Several weeks ago, I published an article about the Hindu god, Agni. In the article, I presented evidence the ancient Sanskrit writers of India understood consciousness and the psychology of humans. The esoteric symbolism in the Rig Veda indicated the wise men of India understood the nature of Self and ego at least three thousand years before Sigmund Freud established his id-ego-superego thesis of psychoanalysis.
In the legends of Mitra-Varuna, there is more evidence that our ancient ancestors understood the subconscious mind. The symbolic meaning of Mitra-Varuna in the Rig Veda explains the nature of the Unconscious Mind.
Just as we find in ancient mythology, Jung’s model of the human psyche includes archetypes. Two examples are defined as the persona, the physical aspect of your nature that relates to the external world, and anima or animus, your spiritual nature that relates to the internal world.
Jung also recognised that a failure to integrate unconscious archetypes into the conscious mind can create destructive consequences. Negative aspects of unconscious archetypes can evoke feelings of jealousy, anger and revenge. These negative energies are then projected back on to us in the form of negative manifestations.
In his writings Jung warns of the dangers the shadow presents:
“…it is a frightening thought that man also has a shadow side to him, consisting not just of little weaknesses and foibles, but of a positively demonic dynamism.” ~ Carl Jung, On the Psychology of the Unconscious
The wise sages of old were also aware of the destructive qualities that reside deep within your subconscious. One of the mechanisms they used to demonstrate this was through the esoteric symbolism in the stories of Varuna and Mitra.
Symbolic Meaning of Mitra in Hindu mythology?
In ancient symbolism, the character of Mitra was used to represent the morning star. He is a solar deity, one of the 12 Adityas mentioned in the Rig Vedas. He is also one of the seven deities that preside over the day thus known as Lord of Light and grants wealth (of knowledge).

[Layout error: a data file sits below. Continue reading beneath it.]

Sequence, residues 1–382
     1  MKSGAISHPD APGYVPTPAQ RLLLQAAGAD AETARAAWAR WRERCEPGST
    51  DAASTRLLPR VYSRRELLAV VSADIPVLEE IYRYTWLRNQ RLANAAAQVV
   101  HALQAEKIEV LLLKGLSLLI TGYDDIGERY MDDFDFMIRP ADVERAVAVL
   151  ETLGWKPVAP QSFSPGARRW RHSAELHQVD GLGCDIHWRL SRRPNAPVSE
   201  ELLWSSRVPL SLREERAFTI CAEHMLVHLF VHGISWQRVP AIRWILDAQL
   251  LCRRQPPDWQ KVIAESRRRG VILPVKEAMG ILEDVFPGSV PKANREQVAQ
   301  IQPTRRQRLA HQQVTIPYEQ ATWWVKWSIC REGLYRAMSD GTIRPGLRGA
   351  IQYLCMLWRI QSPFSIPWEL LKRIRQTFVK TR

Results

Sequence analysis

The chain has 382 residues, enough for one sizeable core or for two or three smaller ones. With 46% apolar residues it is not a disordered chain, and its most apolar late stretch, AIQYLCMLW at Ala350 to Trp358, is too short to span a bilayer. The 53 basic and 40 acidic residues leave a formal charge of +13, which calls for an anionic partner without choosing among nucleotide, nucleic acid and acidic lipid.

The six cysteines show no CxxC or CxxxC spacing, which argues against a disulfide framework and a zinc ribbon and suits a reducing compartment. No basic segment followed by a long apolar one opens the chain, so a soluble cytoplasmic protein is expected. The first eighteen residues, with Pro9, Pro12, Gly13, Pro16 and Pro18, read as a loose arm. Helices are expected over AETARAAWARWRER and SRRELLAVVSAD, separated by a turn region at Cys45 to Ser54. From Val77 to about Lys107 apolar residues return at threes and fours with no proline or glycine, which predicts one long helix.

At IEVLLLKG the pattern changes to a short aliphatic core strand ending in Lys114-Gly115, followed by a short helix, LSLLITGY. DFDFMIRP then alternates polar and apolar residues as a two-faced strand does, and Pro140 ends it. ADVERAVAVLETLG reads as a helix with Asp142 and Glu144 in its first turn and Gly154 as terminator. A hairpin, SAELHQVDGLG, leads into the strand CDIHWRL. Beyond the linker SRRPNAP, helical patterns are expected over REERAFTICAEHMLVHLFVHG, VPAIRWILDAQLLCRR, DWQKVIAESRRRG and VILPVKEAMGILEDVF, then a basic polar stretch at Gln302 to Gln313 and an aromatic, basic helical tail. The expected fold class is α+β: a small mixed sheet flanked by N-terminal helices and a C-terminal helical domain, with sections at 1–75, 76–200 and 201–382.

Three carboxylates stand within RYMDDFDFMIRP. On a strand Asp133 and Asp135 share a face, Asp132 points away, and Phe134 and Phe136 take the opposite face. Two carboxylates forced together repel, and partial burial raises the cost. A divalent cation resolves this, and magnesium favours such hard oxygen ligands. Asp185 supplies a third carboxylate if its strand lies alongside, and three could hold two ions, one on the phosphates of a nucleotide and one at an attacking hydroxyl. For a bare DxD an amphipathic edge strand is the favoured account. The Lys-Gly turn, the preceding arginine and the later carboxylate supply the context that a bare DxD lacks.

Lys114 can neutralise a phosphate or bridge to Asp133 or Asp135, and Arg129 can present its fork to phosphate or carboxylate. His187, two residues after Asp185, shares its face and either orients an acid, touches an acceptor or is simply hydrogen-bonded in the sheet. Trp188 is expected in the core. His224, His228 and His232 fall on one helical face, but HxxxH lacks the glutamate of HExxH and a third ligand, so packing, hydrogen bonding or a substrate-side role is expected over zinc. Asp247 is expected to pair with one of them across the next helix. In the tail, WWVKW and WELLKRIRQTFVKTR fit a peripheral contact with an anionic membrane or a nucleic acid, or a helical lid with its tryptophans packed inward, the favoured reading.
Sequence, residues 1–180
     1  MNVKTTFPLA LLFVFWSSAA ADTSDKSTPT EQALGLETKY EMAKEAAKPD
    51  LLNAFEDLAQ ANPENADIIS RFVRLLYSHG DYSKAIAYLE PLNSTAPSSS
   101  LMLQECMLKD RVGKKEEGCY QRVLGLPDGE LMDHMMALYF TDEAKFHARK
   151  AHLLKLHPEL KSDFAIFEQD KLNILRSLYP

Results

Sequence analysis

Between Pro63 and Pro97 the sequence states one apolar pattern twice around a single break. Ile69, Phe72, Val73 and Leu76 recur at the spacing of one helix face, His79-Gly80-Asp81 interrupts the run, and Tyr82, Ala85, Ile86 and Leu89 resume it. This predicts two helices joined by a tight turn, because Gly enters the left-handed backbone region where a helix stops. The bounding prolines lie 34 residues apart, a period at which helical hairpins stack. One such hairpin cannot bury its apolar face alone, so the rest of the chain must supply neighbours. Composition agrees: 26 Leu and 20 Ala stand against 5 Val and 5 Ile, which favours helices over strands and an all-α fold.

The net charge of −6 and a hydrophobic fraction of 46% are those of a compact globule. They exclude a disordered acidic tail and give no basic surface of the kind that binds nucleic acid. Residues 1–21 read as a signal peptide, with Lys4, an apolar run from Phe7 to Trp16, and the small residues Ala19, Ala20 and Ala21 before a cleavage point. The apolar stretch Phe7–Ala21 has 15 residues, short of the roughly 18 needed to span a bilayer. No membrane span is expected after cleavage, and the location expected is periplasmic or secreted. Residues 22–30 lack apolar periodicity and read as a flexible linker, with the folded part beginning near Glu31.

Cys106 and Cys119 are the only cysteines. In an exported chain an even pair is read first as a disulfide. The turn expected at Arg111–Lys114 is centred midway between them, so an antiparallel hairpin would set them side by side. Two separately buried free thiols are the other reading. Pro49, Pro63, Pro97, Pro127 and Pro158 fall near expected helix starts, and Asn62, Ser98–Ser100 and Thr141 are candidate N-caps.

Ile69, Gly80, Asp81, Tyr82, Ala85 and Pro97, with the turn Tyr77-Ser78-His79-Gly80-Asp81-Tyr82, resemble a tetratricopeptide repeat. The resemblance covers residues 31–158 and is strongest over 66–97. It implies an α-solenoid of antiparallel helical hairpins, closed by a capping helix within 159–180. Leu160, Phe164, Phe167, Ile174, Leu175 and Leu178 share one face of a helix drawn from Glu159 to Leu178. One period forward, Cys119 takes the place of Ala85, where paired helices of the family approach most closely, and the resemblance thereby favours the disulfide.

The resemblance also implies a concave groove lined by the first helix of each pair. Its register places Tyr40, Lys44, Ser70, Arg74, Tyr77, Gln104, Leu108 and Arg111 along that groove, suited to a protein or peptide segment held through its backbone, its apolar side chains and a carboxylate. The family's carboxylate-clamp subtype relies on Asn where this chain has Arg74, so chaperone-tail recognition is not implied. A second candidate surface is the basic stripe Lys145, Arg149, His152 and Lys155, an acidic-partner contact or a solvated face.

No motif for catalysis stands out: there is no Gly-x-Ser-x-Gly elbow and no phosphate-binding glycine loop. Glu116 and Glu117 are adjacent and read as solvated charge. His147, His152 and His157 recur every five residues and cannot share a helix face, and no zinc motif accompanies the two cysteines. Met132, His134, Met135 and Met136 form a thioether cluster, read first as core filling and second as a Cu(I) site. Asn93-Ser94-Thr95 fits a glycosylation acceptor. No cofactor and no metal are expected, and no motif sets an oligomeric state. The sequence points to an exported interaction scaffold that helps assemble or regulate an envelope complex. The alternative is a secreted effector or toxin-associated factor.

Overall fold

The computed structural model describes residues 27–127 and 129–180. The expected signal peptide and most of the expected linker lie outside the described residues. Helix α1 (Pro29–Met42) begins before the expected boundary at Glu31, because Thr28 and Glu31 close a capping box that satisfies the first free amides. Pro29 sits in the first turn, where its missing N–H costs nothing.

In Sanskrit, Mitra means “an ally” or “friend.”
The symbolic meaning of Mitra connects him with harmony and the integrity of truth that keep relationships strong. Hindus invoke this god when signing a business contract. He is also the god of friendship together with other important aspects that are required to maintain a peaceful life.
In Hindu mythology, Mitra and Varuna are sometimes regarded as twins or as an androgynous entity. Whilst Varuna is seen as the monarchy, Mitra is the priesthood and is responsible for balancing day and night, good and evil.
When you apply the character of Mitra in Hindu myth to Jung’s model of the human psyche, it becomes clear that ancient writers understand the importance of conscious awareness. Good people, bring good tidings.
But what is conscious awareness?
The simple answer is to be consciously aware of yourself; the contents of your mind, how you feel towards yourself and others, and the actions you perform. Are you creative or destructive?
As a sun god, the symbolic meaning of Mitra means to have an understanding of the Self. Varuna, on the other hand, is an aspect of the Unconscious that, as the Jungian psychoanalyst, Marie-Louise von Franz points out, can either be destructive or rewarding.
“The archetype is the promoter of ideas and is also responsible for the emotional restrictions which prevent the renunciation of earlier theories. It is really only a detail or specific aspect of what happens everywhere in life, for we could not recognise anything without projection, but is it also the main obstacle in arriving at the truth.” ~ Marie-Lousie in Franz, Alchemy: An Introduction to the Symbolism and the Psychology
What does Varuna Represent in Hindu Mythology?